Habitats are a work of art: habitat mosaics and fish production

Biodiversity is continually being threatened by human activities, and it is vital that we protect it. Conserving biodiversity means conserving species and the habitats they live in. We know that habitats vary through space and time, but does this variation impact fish production in the long term? Brennen et al. explores this question using Pacific salmon species in an Alaskan watershed.

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Using Genetics to Inform Conservation: Spring-Run Chinook Salmon in the Klamath-Trinity River Basin

The same species of Chinook salmon in the Klamath-Trinity basin return to the river each year in two groups: the fall-run and the spring-run. Spring-run Chinook in the Klamath River have drastically declined from historical levels, and are at much lower abundances than fall-run Chinook there. A key genetic difference between these two runs may determine how they are protected (and hopefully restored) under the Endangered Species Act. Read on to learn more!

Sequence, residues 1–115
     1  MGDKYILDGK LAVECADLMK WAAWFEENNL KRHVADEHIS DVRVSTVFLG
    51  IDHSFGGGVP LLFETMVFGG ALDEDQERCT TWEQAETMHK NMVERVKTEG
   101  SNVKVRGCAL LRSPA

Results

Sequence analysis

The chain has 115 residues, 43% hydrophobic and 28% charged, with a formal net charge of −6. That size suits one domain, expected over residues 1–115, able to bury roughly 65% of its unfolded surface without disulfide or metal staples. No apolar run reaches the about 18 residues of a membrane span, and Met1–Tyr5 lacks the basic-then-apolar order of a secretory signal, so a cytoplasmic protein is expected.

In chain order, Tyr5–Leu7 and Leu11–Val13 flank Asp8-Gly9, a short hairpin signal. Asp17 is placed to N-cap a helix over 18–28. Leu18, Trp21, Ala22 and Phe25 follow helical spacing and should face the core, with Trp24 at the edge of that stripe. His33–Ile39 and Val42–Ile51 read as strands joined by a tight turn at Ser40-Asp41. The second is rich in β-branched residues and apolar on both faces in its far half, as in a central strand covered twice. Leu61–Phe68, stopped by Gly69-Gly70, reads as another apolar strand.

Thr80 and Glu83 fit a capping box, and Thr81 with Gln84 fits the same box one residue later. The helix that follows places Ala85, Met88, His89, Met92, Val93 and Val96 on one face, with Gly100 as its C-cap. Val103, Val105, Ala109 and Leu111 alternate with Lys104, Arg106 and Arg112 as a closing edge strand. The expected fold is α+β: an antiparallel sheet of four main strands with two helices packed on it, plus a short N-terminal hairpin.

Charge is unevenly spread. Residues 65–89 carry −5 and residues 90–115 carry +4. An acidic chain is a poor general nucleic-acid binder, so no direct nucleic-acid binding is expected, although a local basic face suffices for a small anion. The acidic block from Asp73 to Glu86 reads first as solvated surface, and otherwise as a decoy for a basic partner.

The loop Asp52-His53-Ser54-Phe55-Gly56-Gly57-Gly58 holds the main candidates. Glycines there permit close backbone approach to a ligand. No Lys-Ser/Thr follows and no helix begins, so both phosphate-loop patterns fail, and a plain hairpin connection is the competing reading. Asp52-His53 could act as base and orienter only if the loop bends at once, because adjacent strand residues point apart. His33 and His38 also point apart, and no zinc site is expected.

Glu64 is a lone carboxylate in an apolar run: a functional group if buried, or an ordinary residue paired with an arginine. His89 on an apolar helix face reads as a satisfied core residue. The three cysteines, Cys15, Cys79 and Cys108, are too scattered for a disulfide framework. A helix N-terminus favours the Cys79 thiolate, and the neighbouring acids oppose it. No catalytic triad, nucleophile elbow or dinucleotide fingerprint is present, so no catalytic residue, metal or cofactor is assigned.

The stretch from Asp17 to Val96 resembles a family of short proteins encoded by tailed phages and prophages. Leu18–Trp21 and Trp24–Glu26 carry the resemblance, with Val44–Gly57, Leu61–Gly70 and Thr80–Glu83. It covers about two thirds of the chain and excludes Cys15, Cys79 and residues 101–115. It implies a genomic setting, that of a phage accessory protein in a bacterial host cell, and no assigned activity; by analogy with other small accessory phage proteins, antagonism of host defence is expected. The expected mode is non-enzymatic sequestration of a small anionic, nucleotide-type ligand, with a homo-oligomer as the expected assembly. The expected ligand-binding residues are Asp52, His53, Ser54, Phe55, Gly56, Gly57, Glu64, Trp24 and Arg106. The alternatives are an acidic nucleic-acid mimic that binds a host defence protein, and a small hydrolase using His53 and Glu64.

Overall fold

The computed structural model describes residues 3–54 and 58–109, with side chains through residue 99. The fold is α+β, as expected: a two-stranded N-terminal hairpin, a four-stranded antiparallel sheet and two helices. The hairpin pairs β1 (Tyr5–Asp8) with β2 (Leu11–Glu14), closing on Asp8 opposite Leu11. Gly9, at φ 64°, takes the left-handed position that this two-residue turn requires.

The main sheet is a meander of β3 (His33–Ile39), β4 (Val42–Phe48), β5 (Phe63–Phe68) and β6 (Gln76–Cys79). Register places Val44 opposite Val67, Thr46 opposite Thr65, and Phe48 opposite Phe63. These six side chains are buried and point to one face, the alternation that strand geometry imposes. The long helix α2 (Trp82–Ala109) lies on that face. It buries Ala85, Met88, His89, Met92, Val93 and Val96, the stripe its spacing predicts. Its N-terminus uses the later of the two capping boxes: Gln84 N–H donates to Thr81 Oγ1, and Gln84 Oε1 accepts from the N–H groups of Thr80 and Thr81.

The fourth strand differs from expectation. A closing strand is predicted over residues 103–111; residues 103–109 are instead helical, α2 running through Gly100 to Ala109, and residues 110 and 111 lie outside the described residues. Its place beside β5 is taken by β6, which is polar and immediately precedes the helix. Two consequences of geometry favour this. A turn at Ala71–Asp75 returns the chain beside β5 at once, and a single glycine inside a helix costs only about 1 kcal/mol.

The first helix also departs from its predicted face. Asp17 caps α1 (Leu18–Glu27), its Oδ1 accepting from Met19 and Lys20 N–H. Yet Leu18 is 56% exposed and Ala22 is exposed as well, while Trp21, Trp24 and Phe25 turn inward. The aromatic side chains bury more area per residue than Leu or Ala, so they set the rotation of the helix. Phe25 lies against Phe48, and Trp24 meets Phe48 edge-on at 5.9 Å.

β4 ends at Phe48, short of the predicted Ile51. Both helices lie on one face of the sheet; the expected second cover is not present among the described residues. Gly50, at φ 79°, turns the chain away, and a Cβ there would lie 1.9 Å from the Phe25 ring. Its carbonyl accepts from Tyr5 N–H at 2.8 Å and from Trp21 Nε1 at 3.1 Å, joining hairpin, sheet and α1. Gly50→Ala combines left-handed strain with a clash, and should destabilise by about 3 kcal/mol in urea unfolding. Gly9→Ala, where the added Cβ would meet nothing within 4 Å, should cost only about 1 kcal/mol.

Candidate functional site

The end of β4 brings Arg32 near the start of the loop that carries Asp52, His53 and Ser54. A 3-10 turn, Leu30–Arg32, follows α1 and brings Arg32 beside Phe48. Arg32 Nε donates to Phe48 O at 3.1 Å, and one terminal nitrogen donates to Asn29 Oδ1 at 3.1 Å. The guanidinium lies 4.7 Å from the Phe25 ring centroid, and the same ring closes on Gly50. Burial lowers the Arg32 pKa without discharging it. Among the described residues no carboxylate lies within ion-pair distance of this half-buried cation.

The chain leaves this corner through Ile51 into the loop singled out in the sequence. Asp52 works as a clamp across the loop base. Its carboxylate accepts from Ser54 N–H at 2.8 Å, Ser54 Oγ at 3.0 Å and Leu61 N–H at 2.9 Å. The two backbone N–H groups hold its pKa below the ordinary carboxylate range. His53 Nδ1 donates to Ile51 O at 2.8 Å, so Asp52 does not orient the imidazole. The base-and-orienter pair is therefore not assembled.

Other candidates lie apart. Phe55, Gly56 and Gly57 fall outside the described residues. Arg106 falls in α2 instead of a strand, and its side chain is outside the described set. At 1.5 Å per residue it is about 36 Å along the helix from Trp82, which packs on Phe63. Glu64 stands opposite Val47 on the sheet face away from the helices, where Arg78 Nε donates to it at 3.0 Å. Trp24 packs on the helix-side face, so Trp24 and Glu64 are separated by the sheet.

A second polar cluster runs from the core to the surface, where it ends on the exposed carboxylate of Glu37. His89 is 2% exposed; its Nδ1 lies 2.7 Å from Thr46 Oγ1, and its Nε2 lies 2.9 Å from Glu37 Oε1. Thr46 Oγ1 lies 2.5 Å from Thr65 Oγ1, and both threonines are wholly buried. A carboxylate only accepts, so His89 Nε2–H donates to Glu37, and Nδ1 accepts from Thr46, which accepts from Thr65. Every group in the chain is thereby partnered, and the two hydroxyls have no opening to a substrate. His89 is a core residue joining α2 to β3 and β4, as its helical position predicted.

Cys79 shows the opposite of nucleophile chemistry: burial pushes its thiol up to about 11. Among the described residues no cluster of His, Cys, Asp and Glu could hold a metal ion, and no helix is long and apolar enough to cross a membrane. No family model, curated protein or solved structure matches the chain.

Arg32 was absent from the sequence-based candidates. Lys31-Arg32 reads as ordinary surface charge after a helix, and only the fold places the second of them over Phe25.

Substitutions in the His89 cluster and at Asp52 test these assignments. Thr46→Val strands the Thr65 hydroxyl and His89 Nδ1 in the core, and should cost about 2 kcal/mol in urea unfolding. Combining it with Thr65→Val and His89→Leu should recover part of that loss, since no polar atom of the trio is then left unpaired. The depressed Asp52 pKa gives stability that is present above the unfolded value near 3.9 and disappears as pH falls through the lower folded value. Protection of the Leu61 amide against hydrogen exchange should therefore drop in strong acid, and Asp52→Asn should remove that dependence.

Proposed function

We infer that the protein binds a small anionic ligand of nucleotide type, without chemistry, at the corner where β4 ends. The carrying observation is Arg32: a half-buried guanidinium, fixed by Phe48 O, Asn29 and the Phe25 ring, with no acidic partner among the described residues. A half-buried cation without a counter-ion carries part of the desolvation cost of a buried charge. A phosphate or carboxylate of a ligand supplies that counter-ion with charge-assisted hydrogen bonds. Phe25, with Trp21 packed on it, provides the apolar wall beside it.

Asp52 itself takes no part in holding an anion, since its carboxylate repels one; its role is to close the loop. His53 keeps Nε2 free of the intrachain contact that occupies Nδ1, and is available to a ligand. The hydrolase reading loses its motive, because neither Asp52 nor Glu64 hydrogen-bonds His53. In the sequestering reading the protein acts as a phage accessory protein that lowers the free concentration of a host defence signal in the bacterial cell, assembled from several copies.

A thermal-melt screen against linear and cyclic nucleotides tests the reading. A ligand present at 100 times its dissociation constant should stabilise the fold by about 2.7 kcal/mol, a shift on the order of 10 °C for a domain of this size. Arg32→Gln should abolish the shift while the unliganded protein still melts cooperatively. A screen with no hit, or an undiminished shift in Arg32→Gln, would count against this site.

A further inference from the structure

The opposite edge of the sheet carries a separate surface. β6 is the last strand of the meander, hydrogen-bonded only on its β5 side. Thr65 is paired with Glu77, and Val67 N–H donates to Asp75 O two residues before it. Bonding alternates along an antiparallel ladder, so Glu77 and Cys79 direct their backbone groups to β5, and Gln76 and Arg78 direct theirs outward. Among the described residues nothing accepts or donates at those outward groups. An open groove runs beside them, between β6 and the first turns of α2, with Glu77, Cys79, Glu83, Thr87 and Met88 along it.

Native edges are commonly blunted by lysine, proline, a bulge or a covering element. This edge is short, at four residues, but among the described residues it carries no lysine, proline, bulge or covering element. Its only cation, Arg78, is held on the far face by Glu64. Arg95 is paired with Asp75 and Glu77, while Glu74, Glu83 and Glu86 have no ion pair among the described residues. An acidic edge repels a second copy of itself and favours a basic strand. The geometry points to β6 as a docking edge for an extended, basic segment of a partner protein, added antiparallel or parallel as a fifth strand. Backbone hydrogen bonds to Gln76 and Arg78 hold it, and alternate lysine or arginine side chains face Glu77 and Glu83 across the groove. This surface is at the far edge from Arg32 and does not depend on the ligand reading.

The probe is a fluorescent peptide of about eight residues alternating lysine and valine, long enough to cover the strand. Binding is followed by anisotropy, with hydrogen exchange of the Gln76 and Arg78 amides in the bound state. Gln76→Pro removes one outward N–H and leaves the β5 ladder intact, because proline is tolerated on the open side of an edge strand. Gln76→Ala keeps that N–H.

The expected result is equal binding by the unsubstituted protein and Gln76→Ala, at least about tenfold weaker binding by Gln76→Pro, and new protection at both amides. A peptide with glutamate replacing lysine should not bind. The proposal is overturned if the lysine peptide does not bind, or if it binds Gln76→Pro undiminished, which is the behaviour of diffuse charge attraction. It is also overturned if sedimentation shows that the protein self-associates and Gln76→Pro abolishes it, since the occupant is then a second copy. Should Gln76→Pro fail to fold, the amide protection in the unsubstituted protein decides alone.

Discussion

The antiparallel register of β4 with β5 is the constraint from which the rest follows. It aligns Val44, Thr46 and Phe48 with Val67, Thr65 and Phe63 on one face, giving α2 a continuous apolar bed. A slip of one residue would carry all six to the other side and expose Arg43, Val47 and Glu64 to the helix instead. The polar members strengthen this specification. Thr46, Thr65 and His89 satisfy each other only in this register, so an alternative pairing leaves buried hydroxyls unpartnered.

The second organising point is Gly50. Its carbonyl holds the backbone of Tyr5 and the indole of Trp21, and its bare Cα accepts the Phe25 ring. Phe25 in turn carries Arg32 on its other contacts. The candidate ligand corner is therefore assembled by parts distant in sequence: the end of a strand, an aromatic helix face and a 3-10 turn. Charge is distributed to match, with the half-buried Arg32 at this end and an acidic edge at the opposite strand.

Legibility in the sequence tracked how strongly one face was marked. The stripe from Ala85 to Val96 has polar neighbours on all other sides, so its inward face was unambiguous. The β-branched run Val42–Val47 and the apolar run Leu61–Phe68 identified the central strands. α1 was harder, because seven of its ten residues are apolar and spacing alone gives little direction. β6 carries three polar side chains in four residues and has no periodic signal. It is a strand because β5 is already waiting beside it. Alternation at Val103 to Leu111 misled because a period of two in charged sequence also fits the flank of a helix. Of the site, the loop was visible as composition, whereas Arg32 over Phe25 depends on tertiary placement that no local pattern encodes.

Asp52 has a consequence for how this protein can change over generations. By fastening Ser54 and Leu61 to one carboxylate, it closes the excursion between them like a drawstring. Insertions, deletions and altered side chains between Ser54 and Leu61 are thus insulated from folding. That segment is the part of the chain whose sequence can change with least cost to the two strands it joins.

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Timing is Everything: Sockeye Salmon Migration on the Skeena River

For most salmon to complete their life cycle, juveniles must migrate out to the ocean as “smolts”. They are then able to grow quickly by taking advantage of marine food sources, before they return as adults to spawn in the river where they were born. With climate change affecting environmental cues and conditions, the timing of their migration might not match up to the availability of crucial food resources, which could reduce smolt survival. Will this phenomenon affect the Skeena River populations of Sockeye Salmon? Read on to learn more!

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Homeward Bound: Salmon Straying in the Pacific Northwest

For salmon to complete their life cycle, juveniles must migrate out to the ocean and return as adults to spawn in the river where they were born. Adult salmon find their way back to their natal river after years at sea through a process called “homing”, a phenomenon that scientists still don’t fully understand. Some salmon never make it home at all, which can have lasting effects on populations. Read on to learn more!

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